Qwest Seeks $350M for Rural Broadband Push
Qwest, which filed its application in Round 2 of a broadband stimulus package that will eventually hand out a total $7.2 billion in grants, said it would use the funds to offer download speeds ranging from 12 Mbit/s to 40 Mbit/s to 500,000 broadband-starved homes, schools, businesses, and hospitals in the Western and Midwestern United States. (See Qwest Asks for $350M Broadband Stimulus.)
Qwest spokesman Tom McMahon noted that the telco plans to use a mix of fiber-to-the-node and VDSL technologies to reach those intended download speeds.
"In fact, the fiber would help us serve more than half of the proposed coverage area with download speeds of 40 Mbit/s," he said, in a message to Light Reading Cable. "Many areas also will be able to upload at speeds of 20 Mbit/s. And, all areas would be able to get download speeds of at least 12 Mbit/s."
Qwest is seeking $350 million from the Broadband Initiatives Program (BIP) component of the broadband stimulus effort, which is being run by the United States Department of Agriculture (USDA) and supplying 75 percent of project buildout costs.
With that as the backdrop, Qwest has also pledged to put $117 million of its own money toward the project, noting that it needs this one-time government infusion to help the telco bring broadband to rural areas, where construction is too cost-prohibitive to accomplish completely on its own.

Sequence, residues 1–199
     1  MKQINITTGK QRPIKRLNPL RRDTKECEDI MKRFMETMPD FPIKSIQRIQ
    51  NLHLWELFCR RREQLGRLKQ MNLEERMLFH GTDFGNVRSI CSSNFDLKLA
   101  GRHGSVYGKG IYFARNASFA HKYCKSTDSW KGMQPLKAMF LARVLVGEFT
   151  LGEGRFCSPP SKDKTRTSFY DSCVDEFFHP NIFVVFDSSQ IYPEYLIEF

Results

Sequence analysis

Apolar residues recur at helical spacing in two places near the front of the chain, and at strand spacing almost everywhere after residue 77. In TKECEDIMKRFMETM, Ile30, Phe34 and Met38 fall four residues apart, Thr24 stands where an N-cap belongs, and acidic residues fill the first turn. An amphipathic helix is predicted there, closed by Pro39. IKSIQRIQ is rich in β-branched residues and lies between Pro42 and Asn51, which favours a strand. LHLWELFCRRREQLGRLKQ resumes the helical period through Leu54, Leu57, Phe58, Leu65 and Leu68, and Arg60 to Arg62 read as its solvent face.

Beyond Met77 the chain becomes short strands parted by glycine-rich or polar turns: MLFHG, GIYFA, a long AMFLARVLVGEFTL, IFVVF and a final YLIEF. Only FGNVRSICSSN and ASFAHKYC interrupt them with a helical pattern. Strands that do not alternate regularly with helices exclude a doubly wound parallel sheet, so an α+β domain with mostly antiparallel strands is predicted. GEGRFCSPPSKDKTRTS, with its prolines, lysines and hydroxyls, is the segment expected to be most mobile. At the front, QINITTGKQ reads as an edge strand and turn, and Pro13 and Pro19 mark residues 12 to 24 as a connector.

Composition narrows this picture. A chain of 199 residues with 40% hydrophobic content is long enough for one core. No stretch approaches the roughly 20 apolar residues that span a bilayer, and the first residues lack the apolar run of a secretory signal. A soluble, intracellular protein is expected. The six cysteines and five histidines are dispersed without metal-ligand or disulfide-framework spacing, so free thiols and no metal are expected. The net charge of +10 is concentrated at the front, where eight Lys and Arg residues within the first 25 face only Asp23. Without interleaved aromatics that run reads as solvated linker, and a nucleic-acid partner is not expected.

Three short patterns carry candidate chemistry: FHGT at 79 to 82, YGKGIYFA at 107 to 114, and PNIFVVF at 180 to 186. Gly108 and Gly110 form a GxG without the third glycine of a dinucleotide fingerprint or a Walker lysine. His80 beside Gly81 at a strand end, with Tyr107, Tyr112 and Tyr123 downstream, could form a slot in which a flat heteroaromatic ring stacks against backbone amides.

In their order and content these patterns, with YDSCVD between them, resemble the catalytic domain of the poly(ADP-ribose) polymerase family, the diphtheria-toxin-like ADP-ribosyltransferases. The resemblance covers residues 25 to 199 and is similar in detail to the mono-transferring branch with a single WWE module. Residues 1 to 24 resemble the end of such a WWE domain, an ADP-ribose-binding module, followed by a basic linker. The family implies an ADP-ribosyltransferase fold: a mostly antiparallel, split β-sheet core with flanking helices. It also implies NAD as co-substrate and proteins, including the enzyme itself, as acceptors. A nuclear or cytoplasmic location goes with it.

Qwest, by the way, is already using VDSL to deliver downstream speeds of 40 Mbit/s in parts of some of its larger markets, including Denver; Tucson, Ariz.; Salt Lake City; and Minneapolis/St. Paul, Minn. (See Qwest Attacks Comcast With 40 Mbit/s.)
Qwest, like many major telcos and MSOs, did not apply for funds in Round 1. The Rural Utilities Service (RUS) and National Telecommunications and Information Administration (NTIA) have not released a list of who applied in Round 2, but based on what's trickled out so far, it appears that larger telcos and MSOs are more apt to throw their hats in the ring this time.
The National Cable & Telecommunications Association (NCTA) , along with several Tier 1 and Tier 2 cable operators and other partners, are using Round 2 to apply for $52 million that they intend to use to help spur broadband adoption in less-affluent areas. (See Big Cable Joins the Broadband Stimulus Fray .)
The RUS and NTIA are expected to consider applications this summer, and announce the grant winners by Sept. 30, 2010.
— Jeff Baumgartner, Site Editor, Light Reading Cable